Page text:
||Coconut Rum Shrimp Recipe
Grand Member (first year)
Joined: Apr 11, 2006
From: Orlando, FL
|Posted: 2007-06-05 9:33 pm  Permalink|
The coconut rum shrimp recipe appears to be the most popular under thread http://www.tikiroom.com/tikicentral/bb/viewtopic.php?topic=24271&forum=10&7
Please let me know if you try 'em out!
Coconut Rum Shrimp:
1 lb uncooked, devained shrimp with the shells removed
1 tbsp sugar
1 tbsp salt
1 cup flour
1/2 cup cream of coconut
2 oz gold rum
1 cup coconut flakes
Set out 3 medium bowls. In the first bowl, beat the egg. In the second bowl, combine the sugar, salt, and flour, in the third bowl, mix together the coconut cream, rum, and coconut flakes. Dip each shrimp into mixture in the first, second, and then third bowl so the shrimp is completely coated. Place a few shrimp at a time into a pot of heated oil. Deep fry for 1-2 minutes until shrimp batter is golden. Serve with mustard dipping sauce.
Dipping sauce: Combine 2 tbsp yellow mustard, 2 tbsp cream of coconut, 2 tsp guava nectar, 1/4 tsp turmeric, and 1 tsp rum
A special thanks to Bre-elle for allowing me to use the wonderful dish in the photo!
Grand Member (5 years)
Joined: May 01, 2007
|Posted: 2007-06-25 10:52 am  Permalink|
Sorry it took so long, but I finally tried it yesterday. It was great!
I made some personal preference modifications. Some I would do again. Some I would not.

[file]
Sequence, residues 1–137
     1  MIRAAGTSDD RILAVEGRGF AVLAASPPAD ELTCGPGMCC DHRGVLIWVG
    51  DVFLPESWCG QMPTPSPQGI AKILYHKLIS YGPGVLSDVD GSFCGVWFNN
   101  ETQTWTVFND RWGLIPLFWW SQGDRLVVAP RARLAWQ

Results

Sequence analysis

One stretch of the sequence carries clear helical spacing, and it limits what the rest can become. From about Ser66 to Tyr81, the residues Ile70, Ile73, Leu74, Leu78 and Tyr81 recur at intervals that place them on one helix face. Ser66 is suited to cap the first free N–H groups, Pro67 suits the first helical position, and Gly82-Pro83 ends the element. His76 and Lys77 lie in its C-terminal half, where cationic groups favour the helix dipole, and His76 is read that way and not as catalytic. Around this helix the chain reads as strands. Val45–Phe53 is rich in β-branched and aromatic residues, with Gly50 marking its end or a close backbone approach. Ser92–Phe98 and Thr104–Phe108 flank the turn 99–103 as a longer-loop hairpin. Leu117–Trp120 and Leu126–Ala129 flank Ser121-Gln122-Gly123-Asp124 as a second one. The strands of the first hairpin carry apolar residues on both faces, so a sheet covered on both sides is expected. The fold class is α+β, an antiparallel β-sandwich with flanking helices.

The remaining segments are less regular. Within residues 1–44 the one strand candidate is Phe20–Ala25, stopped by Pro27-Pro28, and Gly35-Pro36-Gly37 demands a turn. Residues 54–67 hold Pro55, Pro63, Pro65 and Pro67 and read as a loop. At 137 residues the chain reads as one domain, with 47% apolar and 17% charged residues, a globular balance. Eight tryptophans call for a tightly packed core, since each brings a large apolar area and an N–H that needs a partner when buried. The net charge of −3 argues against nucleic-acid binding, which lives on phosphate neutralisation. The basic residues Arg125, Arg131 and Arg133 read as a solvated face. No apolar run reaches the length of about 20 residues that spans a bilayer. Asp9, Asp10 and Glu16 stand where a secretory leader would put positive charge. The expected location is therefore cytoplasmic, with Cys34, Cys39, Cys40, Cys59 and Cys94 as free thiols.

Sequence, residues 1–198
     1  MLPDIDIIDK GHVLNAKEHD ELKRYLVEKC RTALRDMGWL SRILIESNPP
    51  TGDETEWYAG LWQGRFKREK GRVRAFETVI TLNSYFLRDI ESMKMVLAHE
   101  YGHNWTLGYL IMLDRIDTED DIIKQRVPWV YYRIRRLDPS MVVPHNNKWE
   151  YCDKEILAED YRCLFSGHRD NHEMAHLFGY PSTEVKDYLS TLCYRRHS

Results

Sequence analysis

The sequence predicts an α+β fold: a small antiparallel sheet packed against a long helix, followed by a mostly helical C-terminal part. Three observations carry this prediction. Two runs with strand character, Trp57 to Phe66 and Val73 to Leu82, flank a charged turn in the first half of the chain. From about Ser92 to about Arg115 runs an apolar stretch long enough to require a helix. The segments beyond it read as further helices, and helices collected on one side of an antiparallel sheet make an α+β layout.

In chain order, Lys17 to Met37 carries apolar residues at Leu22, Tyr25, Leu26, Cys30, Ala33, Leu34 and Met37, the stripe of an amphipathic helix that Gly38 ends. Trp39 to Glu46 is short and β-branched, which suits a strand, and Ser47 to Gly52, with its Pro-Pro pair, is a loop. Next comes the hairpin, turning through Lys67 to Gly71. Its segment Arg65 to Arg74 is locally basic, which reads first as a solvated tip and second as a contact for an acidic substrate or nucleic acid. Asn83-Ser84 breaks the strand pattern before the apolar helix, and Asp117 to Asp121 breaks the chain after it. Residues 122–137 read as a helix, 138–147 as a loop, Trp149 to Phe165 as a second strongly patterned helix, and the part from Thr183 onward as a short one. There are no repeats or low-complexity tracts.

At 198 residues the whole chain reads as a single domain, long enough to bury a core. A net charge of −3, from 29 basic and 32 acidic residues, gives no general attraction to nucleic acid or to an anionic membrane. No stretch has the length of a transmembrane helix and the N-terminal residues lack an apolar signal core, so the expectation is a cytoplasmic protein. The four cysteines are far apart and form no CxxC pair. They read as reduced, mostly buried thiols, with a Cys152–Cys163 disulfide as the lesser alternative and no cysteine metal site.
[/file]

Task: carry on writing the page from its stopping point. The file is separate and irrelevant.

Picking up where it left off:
I'm not fond of honey mustard, so I altered the recipe of the dipping sauce. I made three varieties of the dipping sauce. One was your exact recipe, which has a definite honey mustard character.
My first variation replaced one tbl spoon of cream of coconut with another tbl spoon of mustard and added two tbl spoons of powdered cayenne pepper plus a half tbl spoon of sea salt. I liked this one best.
My second variation replaced one tbl spoon of cream of coconut with another tbl spoon of guava nectar and added a quarter cup of chopped mint leaves. This one was pretty good, too, but still sweeter than I'd prefer.
Kind of a third variation was mixing the cayenne sauce and the mint sauce, which was also good.
In the second batter bowl (flour mixture) I added a half cup of fresh thyme. I'm often into thyme, but especially so these days. I buy it by the bunch. The fresh bunch thyme is the best, but it doesn't keep forever, so I'll find almost any excuse to use some.
As for the shrimp. I decided to use colassal shrimp (9–11 per pound), tail on. Next time I think I'll just use jumbo shrimp. The ones I used were like little lobsters and were a bit unwieldy.
After they were all coated, I skewered them, two bamboo skewers per shrimp. Each half of one colassal shrimp was about the size of a jumbo. After deveining, I skewered each half from the tail making a narrow V. Then I broke the skewers together just behind the tail so it would bend into an L shape. That allowed me to easily dip them down into the oil, holding them flat on the bottom until they were done. When done, I put them on a draining rack I had set up in the oven that was set on warm.
They all turned out great, but they were really too big. I had to eat them with a knife and fork, rather than as finger food.
One thing that's nice is it's pretty easy to do. Doesn't take long to memorize, so it can be done on the spur of the moment.